Boiling Point iJBP)











Volume % Evaporated

FIG. 3ASTM D 86 versus Peng-Robinson Equation of State.

ASTM V.ipur Pri<s-.iiii- ri-iii^ji'i.iliiip



..- riu'lini) Piiiiil rii-.<.-iir>-




A|iuiuxiiii.1li R.m.ii-! V.i|iiii l>ii-.-iiii'


il -W" i" Fl.i .'1 ''HI.; T.>ii,|.i 1...SII11



- 0.1







Temperature ( C )
FIG. 4Vapor pressure relationships for fuels. Log P versus 1/T.







Several jurisdictions allow a nominal 1 psi waiver to accommodate "splash bending" of ethanol with a base gasoline.
EPA has issued a waiver that does not require conventional
gasoline with 9-10% ethanol to meet the required specifications between 1 May and 15 September (see Nonleaded




ASTM D 4814 gasoline specification defines six volatility

classes of increasing vapor pressure, Tv/1 and Driveability
Index (DI). The TIO, T50 min/max and T90, FBP max limits
define the allowable range of individual parameters within
each volatility class. VP and DI are generally the key blending p a r a m e t e r s for b o t h regulatory and specification
Insufficient volatility may result in difficult starting in cold
weather, poor cold start and warm-up driveability, engine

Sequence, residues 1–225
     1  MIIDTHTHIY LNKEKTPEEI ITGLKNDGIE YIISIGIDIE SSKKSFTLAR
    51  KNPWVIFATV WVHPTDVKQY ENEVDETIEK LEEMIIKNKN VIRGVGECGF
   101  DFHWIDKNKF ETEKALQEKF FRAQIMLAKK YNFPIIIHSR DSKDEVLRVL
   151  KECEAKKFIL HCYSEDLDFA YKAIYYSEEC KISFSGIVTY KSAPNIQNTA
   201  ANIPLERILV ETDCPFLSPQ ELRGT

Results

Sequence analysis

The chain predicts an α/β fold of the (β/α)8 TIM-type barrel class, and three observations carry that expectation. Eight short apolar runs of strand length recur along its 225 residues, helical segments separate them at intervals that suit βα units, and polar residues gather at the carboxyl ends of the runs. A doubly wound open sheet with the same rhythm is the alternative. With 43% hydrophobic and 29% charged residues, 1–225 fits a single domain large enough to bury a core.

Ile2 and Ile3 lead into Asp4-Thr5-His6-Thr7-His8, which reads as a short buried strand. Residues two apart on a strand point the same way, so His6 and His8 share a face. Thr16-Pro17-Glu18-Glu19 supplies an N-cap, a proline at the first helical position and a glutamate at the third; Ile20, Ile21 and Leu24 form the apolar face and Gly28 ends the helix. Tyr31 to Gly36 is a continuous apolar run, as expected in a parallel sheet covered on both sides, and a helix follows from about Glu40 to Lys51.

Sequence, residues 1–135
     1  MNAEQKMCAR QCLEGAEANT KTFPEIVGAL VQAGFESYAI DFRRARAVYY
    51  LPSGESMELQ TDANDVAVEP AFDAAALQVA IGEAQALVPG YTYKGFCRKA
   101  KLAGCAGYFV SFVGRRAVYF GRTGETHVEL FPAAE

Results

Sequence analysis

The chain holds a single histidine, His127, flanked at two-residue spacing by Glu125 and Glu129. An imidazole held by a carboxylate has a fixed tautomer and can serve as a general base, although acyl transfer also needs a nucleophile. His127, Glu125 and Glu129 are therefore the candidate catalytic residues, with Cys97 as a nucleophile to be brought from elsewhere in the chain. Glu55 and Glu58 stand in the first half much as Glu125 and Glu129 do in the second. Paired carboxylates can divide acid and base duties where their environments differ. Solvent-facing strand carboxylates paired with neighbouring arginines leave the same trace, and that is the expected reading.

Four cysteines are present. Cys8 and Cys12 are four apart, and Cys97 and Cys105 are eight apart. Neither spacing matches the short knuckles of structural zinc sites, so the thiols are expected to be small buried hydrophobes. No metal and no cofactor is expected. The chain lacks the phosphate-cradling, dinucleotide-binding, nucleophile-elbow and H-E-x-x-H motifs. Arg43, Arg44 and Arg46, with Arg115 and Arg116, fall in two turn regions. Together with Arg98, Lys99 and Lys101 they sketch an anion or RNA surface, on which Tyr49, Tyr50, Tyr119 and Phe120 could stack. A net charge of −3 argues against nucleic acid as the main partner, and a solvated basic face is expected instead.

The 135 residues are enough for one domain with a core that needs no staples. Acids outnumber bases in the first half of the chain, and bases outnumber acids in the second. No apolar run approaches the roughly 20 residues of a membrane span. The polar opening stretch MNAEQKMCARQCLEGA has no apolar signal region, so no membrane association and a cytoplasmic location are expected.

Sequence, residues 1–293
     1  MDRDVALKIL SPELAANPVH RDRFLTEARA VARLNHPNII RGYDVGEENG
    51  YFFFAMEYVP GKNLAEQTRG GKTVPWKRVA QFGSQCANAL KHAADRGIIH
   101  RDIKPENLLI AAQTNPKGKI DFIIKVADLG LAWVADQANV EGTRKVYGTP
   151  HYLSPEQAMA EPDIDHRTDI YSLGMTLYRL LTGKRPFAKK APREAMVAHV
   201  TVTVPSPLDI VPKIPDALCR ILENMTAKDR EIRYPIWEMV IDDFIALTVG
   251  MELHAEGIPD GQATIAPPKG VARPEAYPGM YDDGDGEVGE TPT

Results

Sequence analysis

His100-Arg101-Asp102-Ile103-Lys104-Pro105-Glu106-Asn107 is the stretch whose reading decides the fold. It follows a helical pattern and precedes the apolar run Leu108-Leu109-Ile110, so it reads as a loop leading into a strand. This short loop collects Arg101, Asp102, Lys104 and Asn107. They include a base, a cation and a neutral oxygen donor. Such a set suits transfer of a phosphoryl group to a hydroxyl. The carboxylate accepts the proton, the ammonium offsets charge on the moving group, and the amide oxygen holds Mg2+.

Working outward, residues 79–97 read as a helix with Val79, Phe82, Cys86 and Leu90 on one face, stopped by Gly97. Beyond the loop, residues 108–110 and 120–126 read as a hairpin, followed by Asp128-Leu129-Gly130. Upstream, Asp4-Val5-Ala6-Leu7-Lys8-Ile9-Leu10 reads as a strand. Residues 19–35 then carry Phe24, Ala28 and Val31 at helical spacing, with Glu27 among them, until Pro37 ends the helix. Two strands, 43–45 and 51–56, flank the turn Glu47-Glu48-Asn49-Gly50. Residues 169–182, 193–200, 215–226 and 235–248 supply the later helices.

deposits and crankcase oil dilution, and increased tailpipe
emissions. Excessive front-end volatility can produce poor
fuel economy, poor hot driveability in fuel injected engines,
vapor lock a n d c a r b u r e t o r icing in older engines, and
increased r u n n i n g loss and evaporative emissions. The
higher boiling fractions of the gasoline have significant
effects on the emission levels of undesirable hydrocarbons
and aldehydes. A reduction of 40C in the final boiling point
will reduce the levels of benzene, butadiene, formaldehyde,
and acetaldehyde by 25%, and will reduce HC emissions by
20% [37]. Similar emission effects were found in the auto-oil
program, and as a result, there are three volatility model parameters in the complex model,VP, E200, E300 (Vapor pressure, percent evaporated at 200F and 300F, respectively)
that influence predicted evaporative, tailpipe, and toxics
emissions. The E200 and E300 model parameters have the
least influence of all the model inputs on the predictive model
emissions, and are often set at "worst case" values for the